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Research Papers: Flows in Complex Systems

Application of Womersley Model to Reconstruct Pulsatile Flow From Doppler Ultrasound Measurements

[+] Author and Article Information
Nihad E. Daidzic

Mem. ASME
AAR Aerospace Consulting, LLC,
P.O. Box 208,
Saint Peter, MN 56082
e-mail: aaraerospace@cs.com

Contributed by the Fluids Engineering Division of ASME for publication in the JOURNAL OF FLUIDS ENGINEERING. Manuscript received August 7, 2013; final manuscript received January 9, 2014; published online February 28, 2014. Assoc. Editor: Michael G. Olsen.

J. Fluids Eng 136(4), 041102 (Feb 28, 2014) (15 pages) Paper No: FE-13-1481; doi: 10.1115/1.4026481 History: Received August 07, 2013; Revised January 09, 2014

A Womersley model-based assessment of pulsatile rigid-tube flow is presented. Multigate Doppler ultrasound was used to measure axial velocities at many radial locations along a single interrogation beam going through the center of a stiff tube. However, a large impediment to Doppler ultrasound diagnostics and resolution close to the wall is considerable noise due to the presence of the wall-fluid interface as well as many other effects, such as spectral broadening, coherent scattering, time resolution, and Doppler angle uncertainty. Thus, our confidence in measured signals is questionable, especially in the wall vicinity where the important oscillatory shear stresses occur. In order to alleviate known biases and shortcomings of the pulsed Doppler ultrasound measurements we have applied Womersley's laminar axisymmetric rigid-tube approximation to reconstruct velocity profiles over the entire flow domain and specifically close to wall, enabling unambiguous determination of the shear stresses. We employ harmonic analysis of the measured velocity profiles at all or selected trusted tube radial locations over one or more periods. Each of estimated Fourier coefficients has a unique counterpart in the respective pressure gradient component. From ensemble-averaged cross-sectional pressure gradient components we compute velocity profiles, volume flow rate, wall shear stress, and other flow parameters. Estimation of the pressure gradients from spatially resolved pulsed Doppler ultrasound velocity measurements is an added benefit of our reconstruction method. Multigate pulsed Doppler ultrasound scanners offer powerful capabilities to noninvasively and nonintrusively measure velocity profiles for hemodynamic and other fluid flow applications. This flow reconstruction method can also be tailored for use with other flow diagnostic modalities, such as magnetic resonance imaging (MRI) and a wide class of optical methods.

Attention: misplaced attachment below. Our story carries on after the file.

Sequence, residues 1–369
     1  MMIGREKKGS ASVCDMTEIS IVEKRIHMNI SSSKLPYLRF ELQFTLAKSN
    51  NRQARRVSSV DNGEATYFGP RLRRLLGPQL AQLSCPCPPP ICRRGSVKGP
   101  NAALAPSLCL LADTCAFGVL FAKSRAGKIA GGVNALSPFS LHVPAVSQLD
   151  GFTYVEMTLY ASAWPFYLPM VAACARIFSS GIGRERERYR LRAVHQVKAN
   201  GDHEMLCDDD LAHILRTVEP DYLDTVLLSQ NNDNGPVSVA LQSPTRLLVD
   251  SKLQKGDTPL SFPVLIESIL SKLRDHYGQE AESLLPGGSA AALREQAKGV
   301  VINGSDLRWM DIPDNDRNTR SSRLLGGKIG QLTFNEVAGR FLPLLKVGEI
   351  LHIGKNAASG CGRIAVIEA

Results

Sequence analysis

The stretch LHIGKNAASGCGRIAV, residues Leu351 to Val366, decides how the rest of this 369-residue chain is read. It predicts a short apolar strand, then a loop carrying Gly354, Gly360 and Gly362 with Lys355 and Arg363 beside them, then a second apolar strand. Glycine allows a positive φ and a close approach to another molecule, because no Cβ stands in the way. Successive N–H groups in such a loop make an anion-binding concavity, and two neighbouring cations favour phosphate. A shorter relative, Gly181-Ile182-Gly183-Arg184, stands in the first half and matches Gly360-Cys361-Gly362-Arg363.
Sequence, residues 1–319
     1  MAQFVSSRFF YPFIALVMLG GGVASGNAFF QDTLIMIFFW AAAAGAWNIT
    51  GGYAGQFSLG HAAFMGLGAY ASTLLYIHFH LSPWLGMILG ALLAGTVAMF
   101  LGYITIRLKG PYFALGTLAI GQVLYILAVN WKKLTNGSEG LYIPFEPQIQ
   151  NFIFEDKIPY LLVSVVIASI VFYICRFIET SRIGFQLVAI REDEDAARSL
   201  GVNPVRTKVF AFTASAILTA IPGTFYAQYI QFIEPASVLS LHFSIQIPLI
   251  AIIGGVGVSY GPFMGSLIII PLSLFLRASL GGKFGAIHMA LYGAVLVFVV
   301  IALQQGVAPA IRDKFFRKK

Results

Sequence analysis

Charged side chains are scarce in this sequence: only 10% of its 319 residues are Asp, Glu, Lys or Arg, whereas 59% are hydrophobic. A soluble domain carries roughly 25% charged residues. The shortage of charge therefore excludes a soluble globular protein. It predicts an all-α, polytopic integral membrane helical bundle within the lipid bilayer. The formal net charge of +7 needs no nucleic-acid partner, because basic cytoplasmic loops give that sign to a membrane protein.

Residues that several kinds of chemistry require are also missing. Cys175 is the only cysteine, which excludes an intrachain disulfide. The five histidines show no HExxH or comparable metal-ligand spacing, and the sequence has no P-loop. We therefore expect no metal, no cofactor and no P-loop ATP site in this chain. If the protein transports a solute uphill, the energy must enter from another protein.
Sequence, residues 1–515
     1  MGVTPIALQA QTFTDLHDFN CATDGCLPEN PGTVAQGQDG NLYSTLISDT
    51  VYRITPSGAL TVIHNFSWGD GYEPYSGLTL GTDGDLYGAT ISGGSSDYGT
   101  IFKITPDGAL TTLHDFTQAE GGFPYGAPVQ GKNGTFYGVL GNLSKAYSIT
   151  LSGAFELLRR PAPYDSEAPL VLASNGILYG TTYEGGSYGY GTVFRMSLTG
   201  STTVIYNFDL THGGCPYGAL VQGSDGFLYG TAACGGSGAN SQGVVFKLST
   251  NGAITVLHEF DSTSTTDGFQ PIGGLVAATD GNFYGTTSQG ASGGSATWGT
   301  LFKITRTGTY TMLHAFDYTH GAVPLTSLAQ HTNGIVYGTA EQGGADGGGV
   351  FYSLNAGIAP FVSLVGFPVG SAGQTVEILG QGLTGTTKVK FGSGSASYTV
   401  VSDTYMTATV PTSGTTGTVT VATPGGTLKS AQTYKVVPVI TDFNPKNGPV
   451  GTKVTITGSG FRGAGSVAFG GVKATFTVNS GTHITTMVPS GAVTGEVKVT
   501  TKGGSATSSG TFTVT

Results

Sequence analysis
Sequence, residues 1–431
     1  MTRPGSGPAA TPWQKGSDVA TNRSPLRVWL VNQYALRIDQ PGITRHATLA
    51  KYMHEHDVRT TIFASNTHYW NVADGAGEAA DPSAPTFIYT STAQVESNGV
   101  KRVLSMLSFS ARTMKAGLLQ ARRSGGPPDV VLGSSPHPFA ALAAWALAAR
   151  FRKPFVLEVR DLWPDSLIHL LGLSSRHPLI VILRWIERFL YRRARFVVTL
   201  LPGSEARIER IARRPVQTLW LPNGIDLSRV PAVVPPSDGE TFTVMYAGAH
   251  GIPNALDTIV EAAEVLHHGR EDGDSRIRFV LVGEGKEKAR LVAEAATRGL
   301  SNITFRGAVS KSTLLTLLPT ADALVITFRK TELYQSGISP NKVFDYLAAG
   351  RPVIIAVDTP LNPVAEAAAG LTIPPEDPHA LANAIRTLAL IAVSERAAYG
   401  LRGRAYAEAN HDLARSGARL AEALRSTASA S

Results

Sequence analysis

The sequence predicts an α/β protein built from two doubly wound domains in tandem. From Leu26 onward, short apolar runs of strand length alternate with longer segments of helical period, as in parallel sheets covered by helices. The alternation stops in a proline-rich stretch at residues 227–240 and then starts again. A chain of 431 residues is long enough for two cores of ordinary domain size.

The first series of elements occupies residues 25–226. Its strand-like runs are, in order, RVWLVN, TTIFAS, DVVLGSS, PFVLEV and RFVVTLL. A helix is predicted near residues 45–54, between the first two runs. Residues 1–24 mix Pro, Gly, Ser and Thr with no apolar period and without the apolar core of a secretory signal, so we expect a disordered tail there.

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Figures

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Fig. 1

Normalized damping factor and phase as function of Womersley numbers at selected radial locations for velocity, VFR, and WSS

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Fig. 2

The experimental hydraulic test rig utilizing multigate PW Doppler US

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Fig. 3

Simplified space-time representation (LHS) and 1D sample volume longitudinal real and maximum resolution (RHS) of PW US range system

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Fig. 4

Flow characterization results recovered from the original McDonald's work [36] on dog femoral arteries

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Fig. 5

Harmonic analysis using 30-term Fourier expansion of sampled velocities at two radial locations for steady (Poiseuille) flow with measured Doppler US velocity profiles

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Fig. 6

Reconstructed flow data for steady-state (Poiseuille) flow using first ten harmonics

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Fig. 7

Harmonic analysis using 13-term Fourier expansion of sampled velocities at two radial locations for sinusoidal flow excitation and to the right the actual raw Doppler US velocity profiles with velocities close to wall discarded

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Fig. 8

Reconstructed flow data for sinusoidal flow excitation with velocity profiles plotted for each T/24-th of a period

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Fig. 9

Harmonic analysis using 22-term Fourier expansion of sampled velocities at two radial locations and measured axial velocities for sinusoidal flow excitation with very noisy US measurements and observed flow reversal close to wall

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Fig. 10

Reconstructed flow data for sinusoidal flow excitation with flow reversal with reconstructed data showing diminished flow reversal in wall vicinity compared to original

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Fig. 11

Harmonic analysis using 23-term Fourier expansion of sampled velocities at two radial locations for triangular flow excitation with raw US velocity profiles at various times within one period

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Fig. 12

Reconstructed flow data for triangular flow excitation using first ten harmonics

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